Situation: A company plans to implement a new CRM system. They have a project road map and have assigned a manager for the implementation. However, the CEO has concerns because this is the most significant software roll-out that the company has ever attempted. She wants to assure that the roll-out proceeds smoothly, and that and that sales, marketing and customer service functions are not hampered. How do you simplify a firm-wide software roll-out?
Advice from the CEOs:
Focus on company business objectives as you plan and implement the roll-out. Optimize the system to company business objectives, not just what the team wants.
Scope this out as a project management exercise.
Build and test.
Roll the system out to preliminary production and collect feedback on functionality.
Rebuild and test.
Plan and conduct system orientation training.
Set a date for the roll-out.
Don’t immediately roll the new system out company-wide. Conduct an initial implementation with a small scale test team. Make sure that everything works as planned and that day-to-day function is not compromised. From the information that you gather during initial implementation, tweak orientation training so that everyone is comfortable with the new system.
During initial planning sessions to set system objectives, meet first with managers whose teams will be impacted by the roll-out. Managers may not speak freely if their support staff are present.
Have a roll-out celebration and be generous complimenting personnel who have been involved in planning and roll-out.
Situation: A company was recently acquired. The acquirer wants to merge benefit structures between the two entities. Both contribute a similar amount toward benefits; however the distribution of benefits between retirement and health plans, and other benefits varies considerably. How do you approach the staff to communicate changes in benefits following an acquisition?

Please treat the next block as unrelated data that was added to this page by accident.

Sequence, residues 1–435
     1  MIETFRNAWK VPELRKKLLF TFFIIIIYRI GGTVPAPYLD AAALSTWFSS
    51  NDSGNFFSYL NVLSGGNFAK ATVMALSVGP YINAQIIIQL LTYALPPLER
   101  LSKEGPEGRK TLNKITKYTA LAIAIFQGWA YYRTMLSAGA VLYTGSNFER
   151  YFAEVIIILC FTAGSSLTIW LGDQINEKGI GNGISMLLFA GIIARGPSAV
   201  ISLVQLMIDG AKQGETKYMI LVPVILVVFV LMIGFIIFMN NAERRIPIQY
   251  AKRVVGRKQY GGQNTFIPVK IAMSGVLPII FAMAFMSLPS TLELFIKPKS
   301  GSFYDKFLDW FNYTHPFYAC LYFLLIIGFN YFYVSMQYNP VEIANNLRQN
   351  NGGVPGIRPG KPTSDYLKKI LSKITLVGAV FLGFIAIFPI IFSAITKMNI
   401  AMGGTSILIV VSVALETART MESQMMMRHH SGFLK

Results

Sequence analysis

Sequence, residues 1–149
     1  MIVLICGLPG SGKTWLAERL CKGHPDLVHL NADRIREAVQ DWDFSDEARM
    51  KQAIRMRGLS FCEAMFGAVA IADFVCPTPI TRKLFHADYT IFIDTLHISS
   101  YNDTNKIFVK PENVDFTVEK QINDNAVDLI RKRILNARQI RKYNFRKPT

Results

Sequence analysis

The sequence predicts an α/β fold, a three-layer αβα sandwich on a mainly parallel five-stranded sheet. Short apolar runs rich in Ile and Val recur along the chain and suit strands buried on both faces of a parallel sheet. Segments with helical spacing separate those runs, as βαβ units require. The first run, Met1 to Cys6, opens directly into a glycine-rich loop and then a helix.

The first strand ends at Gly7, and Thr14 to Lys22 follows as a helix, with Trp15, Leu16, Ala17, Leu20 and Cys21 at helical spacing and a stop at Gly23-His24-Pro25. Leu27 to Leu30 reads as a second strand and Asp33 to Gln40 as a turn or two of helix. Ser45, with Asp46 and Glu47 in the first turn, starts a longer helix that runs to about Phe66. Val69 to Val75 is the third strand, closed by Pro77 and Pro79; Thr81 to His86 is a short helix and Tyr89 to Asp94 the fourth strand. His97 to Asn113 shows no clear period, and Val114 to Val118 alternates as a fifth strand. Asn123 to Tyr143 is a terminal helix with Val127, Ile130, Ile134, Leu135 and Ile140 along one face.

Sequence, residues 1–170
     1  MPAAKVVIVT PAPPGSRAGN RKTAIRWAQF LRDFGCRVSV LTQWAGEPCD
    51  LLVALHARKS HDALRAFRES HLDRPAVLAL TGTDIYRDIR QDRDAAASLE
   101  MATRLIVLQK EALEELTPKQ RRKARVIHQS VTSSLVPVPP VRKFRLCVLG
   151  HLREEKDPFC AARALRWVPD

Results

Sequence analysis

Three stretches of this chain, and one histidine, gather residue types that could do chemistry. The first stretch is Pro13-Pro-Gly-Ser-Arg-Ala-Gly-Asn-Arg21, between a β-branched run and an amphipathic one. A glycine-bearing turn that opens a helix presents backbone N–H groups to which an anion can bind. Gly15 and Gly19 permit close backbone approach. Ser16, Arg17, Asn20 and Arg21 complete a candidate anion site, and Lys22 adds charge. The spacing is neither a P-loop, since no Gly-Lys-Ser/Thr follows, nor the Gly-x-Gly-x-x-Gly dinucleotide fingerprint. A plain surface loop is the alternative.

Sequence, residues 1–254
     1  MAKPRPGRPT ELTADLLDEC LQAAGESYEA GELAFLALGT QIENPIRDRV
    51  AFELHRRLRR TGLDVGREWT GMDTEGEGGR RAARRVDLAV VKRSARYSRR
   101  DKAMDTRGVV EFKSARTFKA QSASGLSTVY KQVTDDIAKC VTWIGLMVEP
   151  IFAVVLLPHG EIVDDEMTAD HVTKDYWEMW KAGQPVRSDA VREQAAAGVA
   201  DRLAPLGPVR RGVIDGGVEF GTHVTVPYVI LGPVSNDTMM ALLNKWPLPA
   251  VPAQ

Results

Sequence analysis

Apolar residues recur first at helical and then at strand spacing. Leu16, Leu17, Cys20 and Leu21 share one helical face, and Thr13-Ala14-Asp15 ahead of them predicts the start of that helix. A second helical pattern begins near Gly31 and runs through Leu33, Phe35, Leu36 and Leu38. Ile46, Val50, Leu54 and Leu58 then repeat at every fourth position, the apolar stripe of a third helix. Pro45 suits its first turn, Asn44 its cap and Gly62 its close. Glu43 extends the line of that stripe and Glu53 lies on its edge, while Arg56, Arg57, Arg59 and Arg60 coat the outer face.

Advice from the CEOs:
Ideally, you want to gather employee input on what benefits are important to them before the overall package is finalized. This will help you to negotiate in your employees’ interest.
Make sure that the acquiring entity is aware of state regulatory requirements that may force them to retain state-specific benefits.
National companies often employ a cafeteria benefit strategy that allows the employees to make choices among benefit options, and fund these choices either at a company-paid base level or allow employees to supplement their choices through pre- or post-tax payroll deductions. There are numerous providers who offer cafeteria plans.
What’s the best way to have a conversation with employees once the new benefit package has been finalized?
Emphasize that the company is offering and funding this benefit and specify the amount that the company is funding as a percent of salary.
Create a grid mapping the full program:
Amount of company contribution
Old Program and benefits
New Program and benefits
Changes in allocation and changes in the total value of benefits offered.
If you have access to industry or regional comparisons for like-sized companies, and those comparisons put your company in a favorable light, share these as part of the communications package.
If you know that a highly valued benefit is being reduced, consider a short-term subsidy to ease the shift.
Be sure that you are clear and concise in your communications of the new plan and changes to the employees. You may want to have an outside consultant on hand to cover specific questions.
Be sure that any decisions your employees must make in the new program are fully and clearly explained.